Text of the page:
Bears and garbage – a rotten mix

I have lived in the bear country of Issaquah Highlands since 2004. A community of 2,600 homes, Issaquah Highlands is located in the foothills of the Cascade Mountains where black bear, cougar, bobcat and deer wander. For these reasons, it’s also a fascinating case study in an area where wildlife and people share habitat.

Black bear paw prints
Black bear paw prints on fence

In 2007, I became aware of the black bears because of several bear sightings. On one sunny afternoon, my husband and I saw a bear wondering leisurely through our neighborhood park while riding our bikes. Another time we saw a bear behind our house in the greenbelt and then a bear jumped over our fence in the early morning to eat the grapes rotting in our yard waste bins. We quickly realized that simply storing our garbage, recycle and yard waste bin in the garage until the morning of garbage pick-up immediately solved the problem. The bears stopped coming.

These incidents motivated me to talk to my neighbors about ways to prevent attracting bears into our backyards. On a weekly basis, I took it upon myself to monitor bear activity in my community by taking photos of strewn garbage and mapping neighborhoods that had reported bear incursions. I also initiated a dialogue with the Issaquah Highlands Homeowners Association and the Board of Directors about the problems along with my closest ally and neighbor TK Panni. It was around this time that Chris Morgan of GBOP contacted me and offered help and resources.

Through GBOP I’ve been able to intensify my activities in the Issaquah Highlands and also expand my reach to include those who want to learn about grizzly bears as well. My area of focus for GBOP stretches from my backyard across I-90. What’s good for black bears is good for grizzly bears, is good for people.

After attending many board meetings, monitoring black bear/garbage incursions for countless hours, gathering community support for regulatory change and lots of perseverance, our efforts finally paid off. At the December 2010 Board meeting, the Issaquah Highlands Board adopted the following rule and regulation change regarding the storage of garbage, recycling and yard waste bins:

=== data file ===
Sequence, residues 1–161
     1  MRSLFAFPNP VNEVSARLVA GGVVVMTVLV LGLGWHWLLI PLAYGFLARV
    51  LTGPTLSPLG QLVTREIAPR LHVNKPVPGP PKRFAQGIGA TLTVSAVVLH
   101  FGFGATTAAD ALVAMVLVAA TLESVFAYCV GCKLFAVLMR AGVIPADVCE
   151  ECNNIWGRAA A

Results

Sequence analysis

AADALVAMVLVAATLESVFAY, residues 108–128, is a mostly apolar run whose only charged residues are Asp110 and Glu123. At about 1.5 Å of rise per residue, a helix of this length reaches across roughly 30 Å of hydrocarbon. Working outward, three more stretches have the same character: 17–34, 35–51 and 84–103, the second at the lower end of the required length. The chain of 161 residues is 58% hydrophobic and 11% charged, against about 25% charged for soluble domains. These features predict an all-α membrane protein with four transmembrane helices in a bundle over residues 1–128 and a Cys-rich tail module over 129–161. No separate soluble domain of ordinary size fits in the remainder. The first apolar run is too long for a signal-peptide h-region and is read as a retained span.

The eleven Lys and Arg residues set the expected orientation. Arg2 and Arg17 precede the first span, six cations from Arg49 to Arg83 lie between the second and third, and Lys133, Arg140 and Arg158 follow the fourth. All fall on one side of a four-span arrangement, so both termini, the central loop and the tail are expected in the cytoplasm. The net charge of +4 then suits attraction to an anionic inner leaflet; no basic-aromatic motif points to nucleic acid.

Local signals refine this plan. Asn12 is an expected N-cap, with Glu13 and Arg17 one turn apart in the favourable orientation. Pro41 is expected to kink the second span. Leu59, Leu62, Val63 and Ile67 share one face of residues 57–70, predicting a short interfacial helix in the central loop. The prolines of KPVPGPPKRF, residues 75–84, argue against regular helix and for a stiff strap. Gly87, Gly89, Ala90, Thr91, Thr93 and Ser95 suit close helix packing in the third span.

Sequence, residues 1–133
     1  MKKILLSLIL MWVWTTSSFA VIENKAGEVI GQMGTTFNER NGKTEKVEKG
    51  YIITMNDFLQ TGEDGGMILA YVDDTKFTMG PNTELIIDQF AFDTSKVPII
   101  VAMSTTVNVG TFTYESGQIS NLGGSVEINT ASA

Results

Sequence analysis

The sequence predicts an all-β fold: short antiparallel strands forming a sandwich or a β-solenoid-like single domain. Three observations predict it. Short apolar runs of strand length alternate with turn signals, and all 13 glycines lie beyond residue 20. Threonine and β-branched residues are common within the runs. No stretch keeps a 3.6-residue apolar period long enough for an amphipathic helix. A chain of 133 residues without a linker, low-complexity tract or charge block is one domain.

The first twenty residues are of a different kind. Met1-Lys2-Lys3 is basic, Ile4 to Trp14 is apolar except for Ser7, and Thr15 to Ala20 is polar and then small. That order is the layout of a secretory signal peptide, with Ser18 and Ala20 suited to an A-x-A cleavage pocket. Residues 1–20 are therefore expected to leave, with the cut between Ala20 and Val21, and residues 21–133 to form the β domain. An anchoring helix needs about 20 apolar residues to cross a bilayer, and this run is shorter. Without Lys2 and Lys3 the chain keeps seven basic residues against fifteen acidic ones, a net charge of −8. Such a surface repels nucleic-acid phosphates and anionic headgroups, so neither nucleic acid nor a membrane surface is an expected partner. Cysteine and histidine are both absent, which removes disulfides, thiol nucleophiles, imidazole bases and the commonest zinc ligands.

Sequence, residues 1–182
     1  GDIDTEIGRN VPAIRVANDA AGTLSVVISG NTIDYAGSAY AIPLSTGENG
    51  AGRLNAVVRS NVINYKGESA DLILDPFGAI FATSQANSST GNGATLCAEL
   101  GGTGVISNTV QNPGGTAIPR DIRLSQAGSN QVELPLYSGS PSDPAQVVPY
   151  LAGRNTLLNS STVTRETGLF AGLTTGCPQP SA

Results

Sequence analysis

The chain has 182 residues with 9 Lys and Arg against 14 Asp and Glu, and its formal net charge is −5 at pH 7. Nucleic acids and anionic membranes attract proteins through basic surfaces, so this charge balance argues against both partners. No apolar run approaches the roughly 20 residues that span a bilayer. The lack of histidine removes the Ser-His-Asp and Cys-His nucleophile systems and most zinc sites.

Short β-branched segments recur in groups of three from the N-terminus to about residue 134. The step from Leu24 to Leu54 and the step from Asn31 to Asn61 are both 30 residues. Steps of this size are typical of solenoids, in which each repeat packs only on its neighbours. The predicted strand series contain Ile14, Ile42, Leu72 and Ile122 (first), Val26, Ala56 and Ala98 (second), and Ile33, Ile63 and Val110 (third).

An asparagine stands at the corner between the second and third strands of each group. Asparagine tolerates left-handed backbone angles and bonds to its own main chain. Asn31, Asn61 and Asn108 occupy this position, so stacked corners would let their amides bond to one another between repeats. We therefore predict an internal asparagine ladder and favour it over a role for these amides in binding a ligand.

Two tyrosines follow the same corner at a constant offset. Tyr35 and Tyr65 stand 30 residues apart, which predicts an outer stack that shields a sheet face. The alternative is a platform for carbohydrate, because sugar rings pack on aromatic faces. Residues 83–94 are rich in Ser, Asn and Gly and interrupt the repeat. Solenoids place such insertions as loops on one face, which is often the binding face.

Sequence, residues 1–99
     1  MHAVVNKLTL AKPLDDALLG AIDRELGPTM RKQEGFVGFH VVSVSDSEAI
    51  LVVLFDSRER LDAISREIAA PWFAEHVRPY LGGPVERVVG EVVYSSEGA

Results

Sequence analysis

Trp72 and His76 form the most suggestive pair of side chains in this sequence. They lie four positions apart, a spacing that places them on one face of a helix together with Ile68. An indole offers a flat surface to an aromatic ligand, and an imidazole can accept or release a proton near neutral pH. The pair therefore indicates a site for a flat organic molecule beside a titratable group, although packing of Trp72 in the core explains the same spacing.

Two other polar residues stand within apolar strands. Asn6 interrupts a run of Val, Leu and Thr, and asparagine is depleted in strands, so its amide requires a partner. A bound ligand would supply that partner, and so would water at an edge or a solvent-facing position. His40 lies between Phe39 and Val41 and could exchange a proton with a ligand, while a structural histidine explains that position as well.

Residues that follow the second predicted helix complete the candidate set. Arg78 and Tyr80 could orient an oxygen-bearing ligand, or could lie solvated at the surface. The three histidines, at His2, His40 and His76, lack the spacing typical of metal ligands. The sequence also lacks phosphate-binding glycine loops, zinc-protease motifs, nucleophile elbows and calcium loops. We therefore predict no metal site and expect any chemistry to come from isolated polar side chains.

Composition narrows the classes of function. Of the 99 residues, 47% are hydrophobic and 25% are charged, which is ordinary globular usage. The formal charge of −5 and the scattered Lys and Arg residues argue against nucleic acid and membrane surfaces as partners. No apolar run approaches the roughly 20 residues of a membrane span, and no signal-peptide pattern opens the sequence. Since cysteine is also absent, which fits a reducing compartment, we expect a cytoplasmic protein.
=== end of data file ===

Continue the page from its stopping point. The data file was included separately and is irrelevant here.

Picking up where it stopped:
1. Any trash (grey), recycling (blue), or yard waste (green) containers and/or bags must be stored indoors during non-pickup hours.
  2. Trash cans may only be placed at the curb/street for pickup 12 hours prior to and 12 hours after pickup time.
  3. The ARC will consider variance requests in accordance with the variance policy in section 4.5 of the CCR’s under the following circumstances:
    1. Topography
    2. Natural Obstructions
    3. Hardship
Garbage tipped over by bear

In addition to the rule change, we urged the Board to adopt the Bear Smart Best Practices which they did.  It provides many tips for people trying to prevent bears from accessing non-natural attractants in residential neighborhoods. Some of the recommendations include advice about not feeding birds when bears are active (you may be surprised that black sunflower seeds draw bears into yards from miles away), cleaning and storing barbecues after each use and only placing garbage or food smelling cans outside on the morning of garbage pick-up. Residents can access the best practices via the Rules and Regulations of Issaquah Highlands, on the Issaquah Highlands website or in our local newspaper.

By becoming Bear Smart, we can all learn to live safely with black and grizzly bears, encouraging bears to forage in the wild, away from human homes. One of GBOP’s goals is to reduce human-bear conflicts. The passage of this rule in the Issaquah Highlands is an important step in that direction. It’s also a great example of a community that cares enough to make a small change so that bears and people can thrive.

For tips on co-existing with bears, see the GBOP page